Retro Review: Sixteen Stone

Going back and looking at Antichrist Superstar almost 30 years later was a valuable, if a bit exhausting, experience. I thought it might be fun to take another 30-year trip back, this time to a hit album coming in the wake of Nirvana, and one of the few albums my wife and I both owned as young teenagers.

Bush is a band you might remember from the 90s. If it isn’t, their debut album from 1994, Sixteen Stone, might be worth a turn. Billed as a grunge band, Bush was (and is, they are back in business) a fairly straight-forward rock band that fit the abstract idea of the “Seattle Sound” better than any earlier bands to get the label, including Nirvana (that sounds weird, but aesthetics are often idealized before they are realized). At the same time, they were a poppier version of the more art-rock inspired bands they were compared to. Sixteen Stone is an album that is packed with catchy tunes, though they are always couched in the saturated production and loose punk aesthetic that was popular in the first half of the 1990s.

Unlike the last album I reviewed from the 1990s (Antichrist Superstar), this album is not boring. The songs are driven by memorable guitar riffs and singable choruses, with the main flaw being that the album might be too pop-oriented to really stand up to contemporary 1990s albums. There were a string of hits from this record: “Everything Zen,” “Little Things,” “Comedown,” “Machinehead,” and the strings-laden ballad “Glycerine.” Frontman Gavin Rossdale was a certified heartthrob with his chiseled jawline and intense eyes, and he had a gravelly vocal delivery to contrast with his pretty-boy exterior. He even ended up married to Gwen Steffani, another 90s sex icon. The band and the man seemed handpicked to serve the American audience in the wake of Nirvana, and it worked. The album went 6x platinum (six million) in the US while only going silver (60,000 records sold) in the UK.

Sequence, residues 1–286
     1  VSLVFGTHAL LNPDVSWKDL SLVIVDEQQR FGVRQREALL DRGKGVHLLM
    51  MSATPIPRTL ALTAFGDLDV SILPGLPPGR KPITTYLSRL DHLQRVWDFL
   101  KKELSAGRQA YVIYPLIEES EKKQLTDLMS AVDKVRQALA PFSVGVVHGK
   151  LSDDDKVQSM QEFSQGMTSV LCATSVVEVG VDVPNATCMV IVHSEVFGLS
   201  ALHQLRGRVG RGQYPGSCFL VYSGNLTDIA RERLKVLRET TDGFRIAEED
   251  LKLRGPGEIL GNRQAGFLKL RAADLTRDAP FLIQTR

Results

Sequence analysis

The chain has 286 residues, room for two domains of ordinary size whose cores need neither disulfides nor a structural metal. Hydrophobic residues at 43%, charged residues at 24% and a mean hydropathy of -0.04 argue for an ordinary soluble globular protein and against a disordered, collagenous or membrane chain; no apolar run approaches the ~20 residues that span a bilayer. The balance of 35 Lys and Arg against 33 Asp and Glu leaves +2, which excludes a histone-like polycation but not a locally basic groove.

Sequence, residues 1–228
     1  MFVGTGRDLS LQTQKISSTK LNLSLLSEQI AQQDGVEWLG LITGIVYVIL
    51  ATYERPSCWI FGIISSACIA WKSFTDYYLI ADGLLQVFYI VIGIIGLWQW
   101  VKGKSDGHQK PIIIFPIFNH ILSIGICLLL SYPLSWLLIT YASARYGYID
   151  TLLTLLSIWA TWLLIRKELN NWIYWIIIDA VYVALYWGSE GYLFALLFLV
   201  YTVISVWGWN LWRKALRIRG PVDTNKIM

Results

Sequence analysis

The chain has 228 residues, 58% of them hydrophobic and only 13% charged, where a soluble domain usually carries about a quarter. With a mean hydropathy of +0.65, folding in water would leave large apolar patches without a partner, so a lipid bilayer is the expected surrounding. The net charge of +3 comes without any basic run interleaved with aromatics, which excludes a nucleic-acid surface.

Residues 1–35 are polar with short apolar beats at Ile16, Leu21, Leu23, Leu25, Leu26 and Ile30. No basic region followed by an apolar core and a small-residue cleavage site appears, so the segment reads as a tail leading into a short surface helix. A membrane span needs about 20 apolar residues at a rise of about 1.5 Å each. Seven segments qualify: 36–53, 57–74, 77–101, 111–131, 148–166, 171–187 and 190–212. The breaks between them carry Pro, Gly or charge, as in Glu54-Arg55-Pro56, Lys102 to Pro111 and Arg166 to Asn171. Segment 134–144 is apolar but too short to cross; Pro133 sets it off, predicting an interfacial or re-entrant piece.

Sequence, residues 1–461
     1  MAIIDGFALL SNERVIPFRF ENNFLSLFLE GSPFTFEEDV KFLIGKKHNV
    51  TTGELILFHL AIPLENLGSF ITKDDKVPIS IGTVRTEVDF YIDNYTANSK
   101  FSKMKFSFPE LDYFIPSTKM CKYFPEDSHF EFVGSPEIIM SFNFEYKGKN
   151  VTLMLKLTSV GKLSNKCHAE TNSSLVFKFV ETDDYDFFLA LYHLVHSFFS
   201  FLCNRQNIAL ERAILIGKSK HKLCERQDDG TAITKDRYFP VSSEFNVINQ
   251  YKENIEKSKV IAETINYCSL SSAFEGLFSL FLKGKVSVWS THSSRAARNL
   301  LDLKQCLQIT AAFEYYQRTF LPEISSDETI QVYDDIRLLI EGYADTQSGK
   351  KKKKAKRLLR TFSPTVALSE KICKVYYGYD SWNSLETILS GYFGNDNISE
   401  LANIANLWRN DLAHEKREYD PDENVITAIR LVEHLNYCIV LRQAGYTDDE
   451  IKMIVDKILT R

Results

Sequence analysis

The production of the album bears some special consideration. Despite the very melodic nature of the songs, the production is sonically very saturated with a heavy-metal inspired guitar tone and a bass-heavy mix. If you want an example of the classic 1990s guitar tone, Bush has it in the form of fuzz mixed with overdrive, which gives the guitars a beefy sound that if used with different riffs would perfectly fit a doom metal record. Even though the whole album feels big and loud, Rossdale’s voice is never lost in the mix, and his harsh tone proves a good sonic match for the rest of the instrumentals.

Contributing to the wall of sound is the band’s approach to guitar playing. Rossdale and Nigel Pulsford (the lead guitarist) are continually splitting parts, either playing different chord voicings or totally different riffs from one another over the same harmonic rhythm. The entire range of the guitar is put to use and when the band needs to sound big—the two guitars work together to fill up every inch of sonic space. The band also does not play particularly tight, though not exactly sloppy, and vocals are overdubbed throughout. This approach has the interesting effect of obscuring the details each part, since they are both using such a saturated tone, making the band really sound like a wall of sound. This also makes repeat listens more intriguing, as it is difficult to pick out every nuance of the guitar playing in one listen.

There aren’t any real solos on the record, and that also makes the songs feel more pop-oriented. It’s all about the songwriting.